The story so far: On November 28, 1939, 75 years ago, a thick, black smoke covered St. Louis, turning day into night, snarling traffic and angering and shocking residents. Coal dealers and producers had fought changes in the past, a December 5 gathering of 52 citizens declared change was necessary and the new Smoke Elimination Committee met for the first time on December 13 and realized that task would be daunting. Through January they were meeting regularly while newspapers were detailing how the smoke was damaging St. Louis.
By Bob Wyss
“St. Louis is the ugliest city of its size in America.”
Harry Salpeter, a freelance writer for several major publications of the day, made that comment in an essay published in the St. Louis Post-Dispatch in the gloomy, dark winter of 1939-40.
It was hard to argue against him. Salpeter laid the blame for St. Louis’ blight on one reason – the coal smoke that was darkening the sky so many days this winter 75 years ago.
A New Yorker, Salpeter made his observations after having been visiting in St. Louis on business during a recent two week period. He said he was still trying “to cough the filthy smoke of St. Louis out of my lungs.”
He said every American city had dirt behind its ears, but St. Louis had dirt all over it. “It breaths smoke as if it were an element in which only it could live, as if it had created for itself, by a form of accelerated Darwinian adaptation, a pair of lungs which had found the breath of untreated bituminous tolerable, instead of foul and deleterious.”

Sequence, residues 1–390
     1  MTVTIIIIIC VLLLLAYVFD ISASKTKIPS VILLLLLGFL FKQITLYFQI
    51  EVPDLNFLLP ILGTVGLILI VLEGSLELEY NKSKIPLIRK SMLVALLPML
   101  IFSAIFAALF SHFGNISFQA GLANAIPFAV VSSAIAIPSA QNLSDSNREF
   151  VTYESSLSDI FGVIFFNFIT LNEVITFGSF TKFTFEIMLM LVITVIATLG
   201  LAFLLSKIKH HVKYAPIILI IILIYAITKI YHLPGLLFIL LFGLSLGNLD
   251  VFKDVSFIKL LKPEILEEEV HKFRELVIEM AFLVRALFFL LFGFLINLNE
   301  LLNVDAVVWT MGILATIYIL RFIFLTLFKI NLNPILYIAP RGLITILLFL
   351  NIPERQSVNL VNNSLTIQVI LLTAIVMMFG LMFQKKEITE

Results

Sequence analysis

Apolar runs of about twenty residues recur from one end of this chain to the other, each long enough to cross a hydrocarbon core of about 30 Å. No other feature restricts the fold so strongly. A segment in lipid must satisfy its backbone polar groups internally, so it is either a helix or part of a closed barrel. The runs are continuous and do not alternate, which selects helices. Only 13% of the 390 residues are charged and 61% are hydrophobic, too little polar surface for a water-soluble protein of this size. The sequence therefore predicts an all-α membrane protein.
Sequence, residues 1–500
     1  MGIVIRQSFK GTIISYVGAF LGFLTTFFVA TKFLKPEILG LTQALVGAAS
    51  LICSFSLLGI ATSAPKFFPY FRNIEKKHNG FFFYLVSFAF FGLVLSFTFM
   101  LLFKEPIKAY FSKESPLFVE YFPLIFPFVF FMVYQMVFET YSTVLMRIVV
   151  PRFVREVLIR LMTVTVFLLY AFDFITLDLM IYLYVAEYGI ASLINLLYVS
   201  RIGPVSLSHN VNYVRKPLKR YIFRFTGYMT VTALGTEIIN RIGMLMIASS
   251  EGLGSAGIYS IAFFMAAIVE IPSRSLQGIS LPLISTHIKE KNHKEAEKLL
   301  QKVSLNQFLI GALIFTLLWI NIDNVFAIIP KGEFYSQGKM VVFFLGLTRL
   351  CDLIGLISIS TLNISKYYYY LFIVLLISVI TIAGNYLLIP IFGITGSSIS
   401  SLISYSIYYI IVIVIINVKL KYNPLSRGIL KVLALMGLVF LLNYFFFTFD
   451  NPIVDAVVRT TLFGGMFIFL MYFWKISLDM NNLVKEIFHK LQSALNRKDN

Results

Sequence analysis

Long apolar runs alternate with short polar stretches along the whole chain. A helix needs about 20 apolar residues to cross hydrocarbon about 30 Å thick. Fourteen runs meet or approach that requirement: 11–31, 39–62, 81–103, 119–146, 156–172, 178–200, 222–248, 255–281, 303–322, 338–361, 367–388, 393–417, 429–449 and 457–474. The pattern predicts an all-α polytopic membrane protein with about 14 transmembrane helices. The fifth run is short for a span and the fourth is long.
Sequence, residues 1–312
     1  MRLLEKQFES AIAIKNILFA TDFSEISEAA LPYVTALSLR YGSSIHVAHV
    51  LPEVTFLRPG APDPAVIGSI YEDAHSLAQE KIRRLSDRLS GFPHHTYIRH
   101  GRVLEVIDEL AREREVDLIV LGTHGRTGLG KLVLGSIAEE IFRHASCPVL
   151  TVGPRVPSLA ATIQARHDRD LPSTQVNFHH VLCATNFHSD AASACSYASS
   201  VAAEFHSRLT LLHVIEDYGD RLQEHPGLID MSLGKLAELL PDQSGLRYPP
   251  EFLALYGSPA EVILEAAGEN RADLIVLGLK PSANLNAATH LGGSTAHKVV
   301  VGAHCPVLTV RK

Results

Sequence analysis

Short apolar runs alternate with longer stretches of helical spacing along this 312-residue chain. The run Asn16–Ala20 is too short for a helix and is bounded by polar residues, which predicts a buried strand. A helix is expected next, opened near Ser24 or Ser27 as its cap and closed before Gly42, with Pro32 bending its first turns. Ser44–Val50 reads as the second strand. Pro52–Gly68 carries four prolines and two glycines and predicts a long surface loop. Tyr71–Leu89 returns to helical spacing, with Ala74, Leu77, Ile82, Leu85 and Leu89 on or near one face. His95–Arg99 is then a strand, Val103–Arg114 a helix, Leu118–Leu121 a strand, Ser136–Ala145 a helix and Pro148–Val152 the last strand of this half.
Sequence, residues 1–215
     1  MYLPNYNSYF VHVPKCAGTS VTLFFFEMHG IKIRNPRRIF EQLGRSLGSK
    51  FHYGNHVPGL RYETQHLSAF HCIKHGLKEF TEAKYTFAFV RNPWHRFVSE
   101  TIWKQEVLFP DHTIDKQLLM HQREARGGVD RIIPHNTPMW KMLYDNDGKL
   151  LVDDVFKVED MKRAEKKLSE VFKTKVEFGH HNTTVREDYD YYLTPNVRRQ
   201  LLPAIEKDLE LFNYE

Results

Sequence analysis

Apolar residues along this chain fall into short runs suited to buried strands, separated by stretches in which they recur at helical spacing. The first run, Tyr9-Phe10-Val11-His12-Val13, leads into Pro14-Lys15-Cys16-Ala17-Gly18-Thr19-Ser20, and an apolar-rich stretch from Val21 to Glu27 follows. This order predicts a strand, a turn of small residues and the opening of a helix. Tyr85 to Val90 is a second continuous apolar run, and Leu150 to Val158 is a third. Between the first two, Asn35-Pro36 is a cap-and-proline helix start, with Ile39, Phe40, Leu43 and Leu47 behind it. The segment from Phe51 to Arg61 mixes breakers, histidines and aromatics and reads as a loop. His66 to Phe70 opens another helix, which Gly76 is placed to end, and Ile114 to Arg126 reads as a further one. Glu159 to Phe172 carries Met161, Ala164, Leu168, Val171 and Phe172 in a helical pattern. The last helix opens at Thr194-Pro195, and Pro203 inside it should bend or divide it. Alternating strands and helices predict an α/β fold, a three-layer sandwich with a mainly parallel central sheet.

In riding through the city he noticed that block after block of once prosperous houses and commercial buildings seemed to be falling into disrepair and neglect. Perhaps it was not the smoke that was the cause, but he was having difficulty finding more compelling reasons.
He continued: “St Louis, within the pall of its smoke, has the look of a beaten, discouraged city, the look of a city which had been built on large and generous lines by a generation which has already passed on, a city which is not contracting in discouragement and defeat, through the indifference and perhaps the greed of those members of the community who find it easier to run away from smoke than to purify it.”
“I do not say that smoke is the only cause of the stagnant look that is so characteristic of the city. But smoke is the pervasive thing that I see, smell, breathe and cough. It is not only a thing, it is almost the quality of St. Louis.”
Salpeter said he understood that St. Louis had a smoke commissioner. In a statement sure to rattle the city political establishment including Smoke Commissioner Raymond Tucker, he said what the city needed was an anti-smoke commissioner. It needed the political establishment to get serious.
St. Louis was getting used to such criticism by now. The question was what was it going to do about it?